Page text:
Clean Up the Lake launches Environmental Dive Center to protect Tahoe

Staff report
Lake Tahoe, long known for its famed clarity and brilliant blue waters has a dirty secret. Beneath the surface, thousands of pounds of trash are breaking apart and impacting the lake’s aquatic habitats.
Provided / Clean Up The Lake

INCLINE VILLAGE, Nev. — Clean Up the Lake, renowned for their successful 72-mile cleanup project around the shores of Lake Tahoe, has announced the inauguration of its Environmental Dive Center at Lake Tahoe.

The Environmental Dive Center will be a hybrid between a conservation dive school and an environmental science center, and will be located in Incline Village. The initiative marks a significant leap in the fight against all litter and aquatic invasive species in and around Lake Tahoe.

“Clean Up The Lake is striving to create a more sustainable future not only through cleanup efforts, but also through advocacy & preventative action and most importantly, a transformative educational program based at the environmental dive center” said Clean Up the Lake founder & CEO Colin West. “The center will be the first of its kind.” 

A grand opening date is set for Aug. 17, and will will include a classroom for all environmental dive courses that will double as a boardroom, a location for environmental film screenings, a space for litter categorization and data collection events, as well as more opportunities for internship programs and on-site visits for youth groups and classrooms.  

“We are taking innovative strides to offer visitors and locals alike a unique blend of environmental curriculum and traditional SCUBA certifications” said Director of Programs Sadye Easler.  

Aspiring divers not only receive world-class SCUBA instruction from Professional Association of Diving Instructors, but will also learn about environmental subjects ranging from submerged litter issues in freshwater and marine environments to aquatic invasive species and more.  Courses will also teach Clean Up the Lake’s submerged litter cleanup methods, aquatic invasive species survey techniques, and other important approaches the organization uses in their conservation dive programs.

The First Certified Students:  The Washoe Tribe of NV & CA
Clean Up the has already completed its first class, certifying students from the Washoe Tribe of Nevada and California.  The goal of this class was to share with the tribe and their environmental department vital skill sets to safeguard their ancestral homeland and assist wherever possible in bolstering their own environmental programs.

Going forward, the Environmental Dive Center will serve as the epicenter for all Clean Up the Lake programs.  This ranges from lake remediation and cleanup projects in Lake Tahoe & nearby lakes as well as advocacy and litter prevention initiatives such as the second annual Lake Tahoe Litter Summit.  The 2024 Litter Summit is happening in partnership with Lake Tahoe Community College.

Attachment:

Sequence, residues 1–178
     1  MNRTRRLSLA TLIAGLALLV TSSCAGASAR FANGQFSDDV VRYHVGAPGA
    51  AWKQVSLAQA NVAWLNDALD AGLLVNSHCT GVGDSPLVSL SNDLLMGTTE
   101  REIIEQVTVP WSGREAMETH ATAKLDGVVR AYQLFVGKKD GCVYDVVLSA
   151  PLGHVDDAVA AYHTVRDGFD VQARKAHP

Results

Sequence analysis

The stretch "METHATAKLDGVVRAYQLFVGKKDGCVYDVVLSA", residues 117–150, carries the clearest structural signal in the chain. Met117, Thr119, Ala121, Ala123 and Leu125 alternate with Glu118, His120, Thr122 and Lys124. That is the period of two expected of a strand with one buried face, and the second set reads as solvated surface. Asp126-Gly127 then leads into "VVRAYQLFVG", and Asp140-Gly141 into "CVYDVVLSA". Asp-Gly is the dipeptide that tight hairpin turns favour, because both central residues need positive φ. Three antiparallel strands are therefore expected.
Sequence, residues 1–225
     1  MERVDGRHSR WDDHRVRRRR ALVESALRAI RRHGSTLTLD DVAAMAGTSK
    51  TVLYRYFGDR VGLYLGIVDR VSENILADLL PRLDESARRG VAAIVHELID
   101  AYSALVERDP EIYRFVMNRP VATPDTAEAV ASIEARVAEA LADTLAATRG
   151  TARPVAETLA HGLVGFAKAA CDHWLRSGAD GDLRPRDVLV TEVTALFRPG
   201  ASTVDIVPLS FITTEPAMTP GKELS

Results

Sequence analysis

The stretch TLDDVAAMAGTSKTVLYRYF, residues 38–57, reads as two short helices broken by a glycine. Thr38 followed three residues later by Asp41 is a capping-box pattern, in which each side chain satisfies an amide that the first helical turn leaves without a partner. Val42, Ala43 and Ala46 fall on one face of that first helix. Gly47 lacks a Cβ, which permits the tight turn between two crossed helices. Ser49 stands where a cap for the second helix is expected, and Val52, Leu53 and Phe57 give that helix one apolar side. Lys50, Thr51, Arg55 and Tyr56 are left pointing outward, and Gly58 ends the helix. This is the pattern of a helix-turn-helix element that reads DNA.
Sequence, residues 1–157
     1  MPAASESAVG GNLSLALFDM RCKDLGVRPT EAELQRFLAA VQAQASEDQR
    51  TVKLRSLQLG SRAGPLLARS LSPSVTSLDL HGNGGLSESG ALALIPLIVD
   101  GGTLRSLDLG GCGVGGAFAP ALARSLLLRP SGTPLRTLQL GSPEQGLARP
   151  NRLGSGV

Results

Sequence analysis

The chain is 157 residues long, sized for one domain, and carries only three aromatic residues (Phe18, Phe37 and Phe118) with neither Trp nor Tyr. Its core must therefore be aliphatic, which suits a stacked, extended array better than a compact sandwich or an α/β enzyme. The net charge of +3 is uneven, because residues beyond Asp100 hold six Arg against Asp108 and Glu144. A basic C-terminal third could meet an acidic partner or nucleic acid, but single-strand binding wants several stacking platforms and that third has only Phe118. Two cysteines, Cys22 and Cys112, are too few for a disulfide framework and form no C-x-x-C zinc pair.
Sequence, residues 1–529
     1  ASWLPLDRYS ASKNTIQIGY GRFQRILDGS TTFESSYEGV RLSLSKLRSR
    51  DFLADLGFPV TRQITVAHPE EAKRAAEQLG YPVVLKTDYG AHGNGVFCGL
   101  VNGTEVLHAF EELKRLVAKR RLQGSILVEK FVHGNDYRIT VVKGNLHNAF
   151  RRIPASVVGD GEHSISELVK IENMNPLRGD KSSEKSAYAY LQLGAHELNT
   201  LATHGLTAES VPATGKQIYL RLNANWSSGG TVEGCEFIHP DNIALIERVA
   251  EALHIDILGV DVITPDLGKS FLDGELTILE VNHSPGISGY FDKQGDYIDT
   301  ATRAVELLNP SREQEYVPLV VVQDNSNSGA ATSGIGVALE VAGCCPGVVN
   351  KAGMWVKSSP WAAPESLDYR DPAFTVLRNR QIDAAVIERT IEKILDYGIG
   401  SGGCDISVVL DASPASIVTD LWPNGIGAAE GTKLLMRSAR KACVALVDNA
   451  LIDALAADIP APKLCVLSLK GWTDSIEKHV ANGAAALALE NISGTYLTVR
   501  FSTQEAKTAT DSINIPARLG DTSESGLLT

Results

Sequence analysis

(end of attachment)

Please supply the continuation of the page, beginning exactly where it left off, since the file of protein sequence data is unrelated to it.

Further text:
“LTCC is committed to the goals of environmental sustainability and curbing climate change,” said President Jeff Defranco. “We are proud to partner with Clean Up the Lake to work collaboratively on solutions to the litter challenges facing the Tahoe Basin”.  

The second annual Lake Tahoe Litter Summit will be in May. In the meantime two committees are in development to tackle issues that were addressed at the inaugural Litter Summit.  The 2024 Litter Summit will include an invite-only portion at the Thunderbird Lodge with community members & leaders in litter management, while South Lake Tahoe is also set to bring a public portion of the summit at a location to be announced soon.

The organization also announced a Tahoe Keepers sessions in partnership with the Tahoe Regional Planning Agency. This program will focus on the mitigation of aquatic invasive species in non-motorized vessels. Next year, the Environmental Dive Center will also integrate a nationally recognized scientific dive certification program.

A Global Perspective

The Environmental Dive Center is not only dedicated to training local volunteers and newcomers but also aspires to share knowledge and collaborate with organizations, nonprofits, and dive teams worldwide.  

By doing so, the nonprofit hopes to broaden its impact, allowing work done locally in the Tahoe basin to guide other groups on a global level. Recent work with the Washoe Tribe of Nevada and California represents a first step forward in working to share these skill sets to create a larger impact with other communities.Donations from Boatworks Mall at Lake Tahoe, Lake Tahoe Community College, Tahoe Beach Club, and from  Pavel Pragin and Nila Ruslen, have spearheaded the Environmental Dive Center’s establishment. Donations will be matched up to $125,000. Visit or to donate. For those interested in a larger level of support, there are naming rights opportunities and founding partnerships available  The launch of the Environmental Dive Center would not be possible without the support of donors such as Truckee Tahoe Lumber Company, Truckee-Donner Recreation and Park District, Tahoe Table Company, and Snowcap Architecture.
Doors open on Aug. 14, with a grand opening celebration on Aug. 17.

The Environmental Dive Center welcomes all enthusiasts, volunteers, interested divers, and partners during its open hours.

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